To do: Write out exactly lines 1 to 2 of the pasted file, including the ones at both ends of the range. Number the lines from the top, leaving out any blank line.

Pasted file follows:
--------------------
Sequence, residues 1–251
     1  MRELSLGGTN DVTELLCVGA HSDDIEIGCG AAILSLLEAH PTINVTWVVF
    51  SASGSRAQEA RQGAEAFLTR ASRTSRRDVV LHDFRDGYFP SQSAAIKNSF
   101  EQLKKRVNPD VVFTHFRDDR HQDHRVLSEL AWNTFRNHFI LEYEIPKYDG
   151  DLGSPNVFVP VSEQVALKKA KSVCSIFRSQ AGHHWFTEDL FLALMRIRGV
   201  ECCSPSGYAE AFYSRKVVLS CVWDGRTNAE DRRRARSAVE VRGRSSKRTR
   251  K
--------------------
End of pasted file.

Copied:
Sequence, residues 1–251
     1  MRELSLGGTN DVTELLCVGA HSDDIEIGCG AAILSLLEAH PTINVTWVVF